Of anyone who would figure to know Chase Center best by now, it would be the tenant of the NBA’s newest arena.
Even the Golden State Warriors, however, are still learning as they go. To coach Steve Kerr’s chagrin, he has already been locked out of his office.
“I pondered wearing my keycard over my suit coat,” Kerr said Thursday, before the franchise’s first game held in San Francisco since Jan. 29, 1971.
The adjustments are hardly limited to their billion-dollar Mission Bay digs. Thursday’s 141-122 Clippers victory was a reminder of everything else that has changed for Golden State — and thus, for the Clippers and the rest of the NBA, too.
Six months after a Warriors roster featuring five potential NBA Hall of Fame players held off the eighth-seeded Clippers in the playoffs’ first round, the new star-led Clippers dismissed a Golden State squad whose former vice-like grip on the Western Conference is now looser than their defense.
The Clippers scored the game’s first 14 points, overcame their own mistakes in the second quarter and received career-best performances to easily put away a franchise that has long been their tormentor. Kawhi Leonard scored 21 points and his nine assists tied a career high to blow up the festivities during the Warriors’ opener in their new stadium. It came four months after Leonard, then with the Toronto Raptors, wrecked the final game in their old Oakland home, Oracle Arena, by leaving with a championship trophy.
Patrick Patterson made a career-high six three-pointers to score 20 points for the Clippers.
Center Ivica Zubac, whose impact was limited to eight points and nine minutes in Tuesday’s season-opening victory over the Lakers, scored eight points in the first quarter, feasting on pick-and-roll passes from Leonard, and wound up with 16 points to go with 10 rebounds.
Golden State’s championship banners from 2015, 2017 and 2018 made the trip from Oakland, as injured star Klay Thompson noted during a pregame address to a sold-out crowd of 18,064. But their aura as the West’s perennial favorite amid five consecutive NBA Finals appearances has not carried over.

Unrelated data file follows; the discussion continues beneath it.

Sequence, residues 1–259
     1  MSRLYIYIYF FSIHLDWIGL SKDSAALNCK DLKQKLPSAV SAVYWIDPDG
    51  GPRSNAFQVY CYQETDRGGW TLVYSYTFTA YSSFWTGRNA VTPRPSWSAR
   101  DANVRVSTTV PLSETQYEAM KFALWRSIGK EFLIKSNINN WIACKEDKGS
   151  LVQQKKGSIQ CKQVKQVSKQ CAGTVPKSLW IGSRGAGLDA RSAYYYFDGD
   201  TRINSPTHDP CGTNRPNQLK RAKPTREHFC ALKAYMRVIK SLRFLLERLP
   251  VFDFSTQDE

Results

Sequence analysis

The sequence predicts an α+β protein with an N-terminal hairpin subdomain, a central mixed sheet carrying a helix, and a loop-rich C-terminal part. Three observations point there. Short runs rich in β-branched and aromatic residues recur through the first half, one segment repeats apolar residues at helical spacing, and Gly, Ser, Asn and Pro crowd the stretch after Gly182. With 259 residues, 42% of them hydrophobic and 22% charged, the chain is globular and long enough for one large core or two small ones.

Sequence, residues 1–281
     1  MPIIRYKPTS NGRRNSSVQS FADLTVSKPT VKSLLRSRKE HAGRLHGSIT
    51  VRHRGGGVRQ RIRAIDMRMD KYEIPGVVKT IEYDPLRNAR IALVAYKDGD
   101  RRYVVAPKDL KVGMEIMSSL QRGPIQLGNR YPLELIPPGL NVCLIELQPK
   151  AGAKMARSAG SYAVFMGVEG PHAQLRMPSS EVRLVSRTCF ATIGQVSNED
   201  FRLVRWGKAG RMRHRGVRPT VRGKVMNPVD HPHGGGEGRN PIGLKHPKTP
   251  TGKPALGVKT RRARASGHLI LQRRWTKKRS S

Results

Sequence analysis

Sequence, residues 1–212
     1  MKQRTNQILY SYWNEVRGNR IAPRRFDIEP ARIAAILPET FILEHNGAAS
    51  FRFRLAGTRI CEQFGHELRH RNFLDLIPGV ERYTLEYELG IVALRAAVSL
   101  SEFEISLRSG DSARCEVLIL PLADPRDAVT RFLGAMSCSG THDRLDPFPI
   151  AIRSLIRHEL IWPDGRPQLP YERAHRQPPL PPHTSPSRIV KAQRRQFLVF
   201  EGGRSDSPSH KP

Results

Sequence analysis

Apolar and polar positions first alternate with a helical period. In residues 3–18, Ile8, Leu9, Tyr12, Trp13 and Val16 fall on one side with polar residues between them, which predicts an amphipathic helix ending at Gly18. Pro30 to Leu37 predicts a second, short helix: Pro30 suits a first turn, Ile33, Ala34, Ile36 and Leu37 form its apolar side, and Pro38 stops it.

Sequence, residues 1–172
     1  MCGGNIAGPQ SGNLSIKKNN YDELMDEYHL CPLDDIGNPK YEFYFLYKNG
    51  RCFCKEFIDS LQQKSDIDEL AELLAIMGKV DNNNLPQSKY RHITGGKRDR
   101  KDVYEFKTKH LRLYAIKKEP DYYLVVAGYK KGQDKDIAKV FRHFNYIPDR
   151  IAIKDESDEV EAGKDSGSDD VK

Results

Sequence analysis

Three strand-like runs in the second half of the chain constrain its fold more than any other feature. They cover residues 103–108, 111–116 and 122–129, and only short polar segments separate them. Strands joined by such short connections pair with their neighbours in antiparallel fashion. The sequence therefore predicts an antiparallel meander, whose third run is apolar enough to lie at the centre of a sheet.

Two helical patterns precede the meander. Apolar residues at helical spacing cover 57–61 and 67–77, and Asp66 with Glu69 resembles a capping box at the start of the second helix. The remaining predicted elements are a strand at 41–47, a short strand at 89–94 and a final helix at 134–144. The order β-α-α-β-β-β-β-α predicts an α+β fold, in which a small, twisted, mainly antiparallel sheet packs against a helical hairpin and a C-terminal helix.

“This is not a one-off,” Kerr said after the loss to the Clippers. “There are going to be nights like this, this year.
“The last five years we’ve been living in a world that doesn’t exist. This is reality.”
The absences of Kevin Durant (free agency), Thompson (knee injury), Andre Iguodala (trade) and Shaun Livingston (retirement) opened championship windows for rivals across the NBA and through two games, despite playing without All-Star Paul George, the Clippers appear as equipped as anyone to chase a title.
“One of our best players is sitting in street clothes still,” Clippers coach Doc Rivers said, “so clearly we’re going to get better when Paul comes back. But we can’t wait either. To win the West, you have to win games.”
The Clippers shot 57% in the first half and only its 10 turnovers, which led to 16 Golden State fast-break points, kept an 11-point halftime lead close. The game broke open for good during a one-sided second half.
It reached a point, with four minutes remaining, where the Warriors were assessed a technical foul when they called a timeout they didn’t have. In the stands, meanwhile, one fan turned from the court to read from her Kindle.
“Once we took care of the ball we were in great shape,” Rivers said.
Montrezl Harrell added 18 points and Lou Williams 22 off the bench for the Clippers, who shot 62% for the game.
The Warriors are coming off their most offseason roster turnover in seven seasons and it showed. Guard Stephen Curry (23 points) faced a defense that could more easily focus on him with Durant and Thompson gone. D’Angelo Russell added an early punch, scoring the Warriors’ first 10 points, but finished with 20 points on six of 16 shooting.
Draymond Green, the team’s heart, remains. But without Kevon Looney, who left with knee tightness in the third quarter, Green’s bulldog defense wasn’t enough to stop the Clippers from scoring 46 points in the third quarter.
Before tipoff, the arena’s volume reached Oracle levels following a national anthem performance by Carlos Santana and a hype video that replayed the highlights of the Warriors’ five-year NBA dominance.
Within three quarters, though, some had seen enough. Fans trickled out of the building, headed home, adjusting to a new NBA order.